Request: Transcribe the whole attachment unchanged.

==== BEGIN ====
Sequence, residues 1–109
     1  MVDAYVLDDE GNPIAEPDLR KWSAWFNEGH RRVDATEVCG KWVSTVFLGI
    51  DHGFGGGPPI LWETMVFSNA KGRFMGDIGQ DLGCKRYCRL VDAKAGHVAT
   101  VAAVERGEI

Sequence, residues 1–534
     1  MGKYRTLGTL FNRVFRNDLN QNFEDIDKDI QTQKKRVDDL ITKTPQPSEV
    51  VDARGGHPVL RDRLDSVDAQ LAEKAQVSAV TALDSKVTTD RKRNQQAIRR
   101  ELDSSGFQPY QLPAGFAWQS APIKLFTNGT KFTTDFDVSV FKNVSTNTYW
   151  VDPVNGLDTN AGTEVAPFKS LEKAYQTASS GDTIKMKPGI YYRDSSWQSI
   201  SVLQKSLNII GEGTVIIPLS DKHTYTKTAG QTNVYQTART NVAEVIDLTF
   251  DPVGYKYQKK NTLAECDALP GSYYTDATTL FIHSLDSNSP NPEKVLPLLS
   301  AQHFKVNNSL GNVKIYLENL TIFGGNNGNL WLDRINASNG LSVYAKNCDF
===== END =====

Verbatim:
Sequence, residues 1–109
     1  MVDAYVLDDE GNPIAEPDLR KWSAWFNEGH RRVDATEVCG KWVSTVFLGI
    51  DHGFGGGPPI LWETMVFSNA KGRFMGDIGQ DLGCKRYCRL VDAKAGHVAT
   101  VAAVERGEI

Sequence, residues 1–534
     1  MGKYRTLGTL FNRVFRNDLN QNFEDIDKDI QTQKKRVDDL ITKTPQPSEV
    51  VDARGGHPVL RDRLDSVDAQ LAEKAQVSAV TALDSKVTTD RKRNQQAIRR
   101  ELDSSGFQPY QLPAGFAWQS APIKLFTNGT KFTTDFDVSV FKNVSTNTYW
   151  VDPVNGLDTN AGTEVAPFKS LEKAYQTASS GDTIKMKPGI YYRDSSWQSI
   201  SVLQKSLNII GEGTVIIPLS DKHTYTKTAG QTNVYQTART NVAEVIDLTF
   251  DPVGYKYQKK NTLAECDALP GSYYTDATTL FIHSLDSNSP NPEKVLPLLS
   301  AQHFKVNNSL GNVKIYLENL TIFGGNNGNL WLDRINASNG LSVYAKNCDF